I can't say that they treated their employees well, and they really embraced the whole 'outsource jobs' thing, but, yeah. They have some sort of secured reader, they manage your subscriptions, etc. You actually get an electronic version of the print version, reflowed and reformatted to properly fit a pdf reader, as opposed to a separate digital copy with less features or ads or whatever.

They're also used to dealing with publishers who can't spell IBM, though I don't know if they actually can help in those cases, at least it won't be a shock to them. So, if you or your IT staff are somehow mentally incapable, they can still handle you.

I have no idea of the pricing or anything, however.

Don't worry about it (1)

slashbart (316113) | about a year ago | (#44343735)

You could ask the publisher of Linuxjournal.com how it works for them. They've gone all digital (with no watermarks), and I've switched my subscription from paper to digital.

you can't, ignore pirates, they aren't your market (1)

Anonymous Coward | about a year ago | (#44343751)

they aren't your customers

work on delivering the most convenient, accessible, highest quality content to your customers (the ones who give you money)

you ignore the ones you get it without paying just like you ignore the ones who look at it and keep walking

Don't ride buzzwords. (0)

Anonymous Coward | about a year ago | (#44343759)

Such as "piracy", no matter what you do, people will share it, and its enough for a single person to bypass whatever mechanism is in place, all that any such mechanism does is become obnoxious to legitimate users.

Dealing with the impossible (3, Interesting)

girlintraining (1395911) | about a year ago | (#44343765)

the electronic version is quickly pirated and easily available around the world each month...

Here's the thing; Everyone wants to change the world. Nobody thinks of changing their own thinking or approach to a problem. Nobody's going to beat "piracy". Not you, not the RIAA, the MPAA, or even the most powerful governments on Earth. All they can do is guilt and shame people, threaten and cajoule them, punish them, but they cannot stop them. Everyone thinks we're well into the information age, and it's easy to believe that when the devices we use are changing so fast. But we're still at the very beginning. This is a change to society that will take generations, not years. Don't let anyone tell you otherwise.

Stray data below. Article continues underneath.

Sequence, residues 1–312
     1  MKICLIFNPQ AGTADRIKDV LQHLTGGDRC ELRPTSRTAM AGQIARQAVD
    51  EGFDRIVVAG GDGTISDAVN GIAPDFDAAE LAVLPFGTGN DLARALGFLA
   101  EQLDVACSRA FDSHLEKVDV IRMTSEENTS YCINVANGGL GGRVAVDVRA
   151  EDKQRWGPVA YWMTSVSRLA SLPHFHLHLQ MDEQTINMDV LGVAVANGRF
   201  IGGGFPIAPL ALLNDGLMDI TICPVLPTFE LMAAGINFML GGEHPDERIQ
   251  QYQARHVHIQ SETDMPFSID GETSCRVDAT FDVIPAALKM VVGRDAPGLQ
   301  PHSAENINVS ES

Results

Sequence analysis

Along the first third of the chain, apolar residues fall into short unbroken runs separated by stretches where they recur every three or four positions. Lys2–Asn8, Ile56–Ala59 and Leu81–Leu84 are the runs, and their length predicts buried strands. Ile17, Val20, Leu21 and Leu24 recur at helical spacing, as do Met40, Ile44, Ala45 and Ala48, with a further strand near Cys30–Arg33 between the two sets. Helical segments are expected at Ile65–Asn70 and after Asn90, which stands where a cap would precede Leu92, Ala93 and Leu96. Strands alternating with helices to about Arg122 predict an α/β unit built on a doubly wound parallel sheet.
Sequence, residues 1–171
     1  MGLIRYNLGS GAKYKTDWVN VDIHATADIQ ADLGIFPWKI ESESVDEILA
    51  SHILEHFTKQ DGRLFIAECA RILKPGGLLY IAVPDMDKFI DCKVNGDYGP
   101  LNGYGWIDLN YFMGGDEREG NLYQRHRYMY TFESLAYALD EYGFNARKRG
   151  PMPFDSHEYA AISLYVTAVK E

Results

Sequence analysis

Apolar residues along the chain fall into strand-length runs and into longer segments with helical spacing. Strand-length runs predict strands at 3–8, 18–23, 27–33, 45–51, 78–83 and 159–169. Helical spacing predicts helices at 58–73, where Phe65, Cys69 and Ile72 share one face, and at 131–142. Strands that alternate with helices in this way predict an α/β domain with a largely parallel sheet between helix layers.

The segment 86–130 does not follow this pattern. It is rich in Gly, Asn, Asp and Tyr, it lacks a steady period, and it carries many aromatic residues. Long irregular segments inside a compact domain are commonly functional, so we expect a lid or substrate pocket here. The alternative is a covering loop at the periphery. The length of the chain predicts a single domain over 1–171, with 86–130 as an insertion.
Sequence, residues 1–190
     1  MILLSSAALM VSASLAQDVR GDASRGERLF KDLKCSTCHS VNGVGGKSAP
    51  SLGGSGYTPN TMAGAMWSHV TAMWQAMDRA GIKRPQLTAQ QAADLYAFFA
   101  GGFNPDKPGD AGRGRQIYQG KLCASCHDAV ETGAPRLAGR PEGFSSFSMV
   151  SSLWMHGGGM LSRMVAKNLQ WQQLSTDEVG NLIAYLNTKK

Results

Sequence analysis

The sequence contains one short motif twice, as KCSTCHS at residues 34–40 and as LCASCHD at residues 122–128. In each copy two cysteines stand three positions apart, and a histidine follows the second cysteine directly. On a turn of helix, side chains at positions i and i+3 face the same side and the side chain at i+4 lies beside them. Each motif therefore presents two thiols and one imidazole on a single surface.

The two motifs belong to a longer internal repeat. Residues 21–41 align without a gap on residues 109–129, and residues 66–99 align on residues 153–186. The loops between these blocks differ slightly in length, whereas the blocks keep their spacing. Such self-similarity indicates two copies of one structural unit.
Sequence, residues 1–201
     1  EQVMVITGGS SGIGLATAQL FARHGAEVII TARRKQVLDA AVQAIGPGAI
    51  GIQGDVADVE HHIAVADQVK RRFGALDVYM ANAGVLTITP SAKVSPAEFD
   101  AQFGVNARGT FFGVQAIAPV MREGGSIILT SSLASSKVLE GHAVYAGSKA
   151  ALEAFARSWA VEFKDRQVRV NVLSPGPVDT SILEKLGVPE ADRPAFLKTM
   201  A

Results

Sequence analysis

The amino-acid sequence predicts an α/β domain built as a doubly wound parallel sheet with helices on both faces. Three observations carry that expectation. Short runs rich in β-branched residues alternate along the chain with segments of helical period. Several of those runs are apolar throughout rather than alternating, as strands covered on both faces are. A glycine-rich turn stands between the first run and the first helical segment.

Now, let's talk about computers. At their most basic, they are devices for the storage, transmission, and manipulation, of binary data. Fundamentally, information sharing is what computers do best, and that capability is what is driving this revolution of human consciousness. Trying to limit it or create new designs so it only works in one direction, is a practice doomed to failure over the long term. We can make short term alterations to our devices, make it more difficult, but we can't eliminate it without destroying the very thing that gives the computer value. This is something hackers, engineers, programmers, and geeks understand implicitly, but we have a hard time verbalizing it to outsiders.

We have an even harder time convincing people like you, whose business depends on an outmodded idea that publication and distribution are married to each other, that distribution can be controlled in any way. It's our fault in part because we aren't naturally gifted at communicating how computers work -- it is a radically different approach to everything that came before. Sure, we can come up with phrases like "Information wants to be free", but it rings hollow before traditional modes of thinking. It doesn't communicate the why behind it. Information doesn't want anything. But its creation in digital format means that it is now bound to a new set of rules. Knowledge, once converted to digital form, is now subject to a whole new universe -- it's like the laws of physics got rewritten once digitized.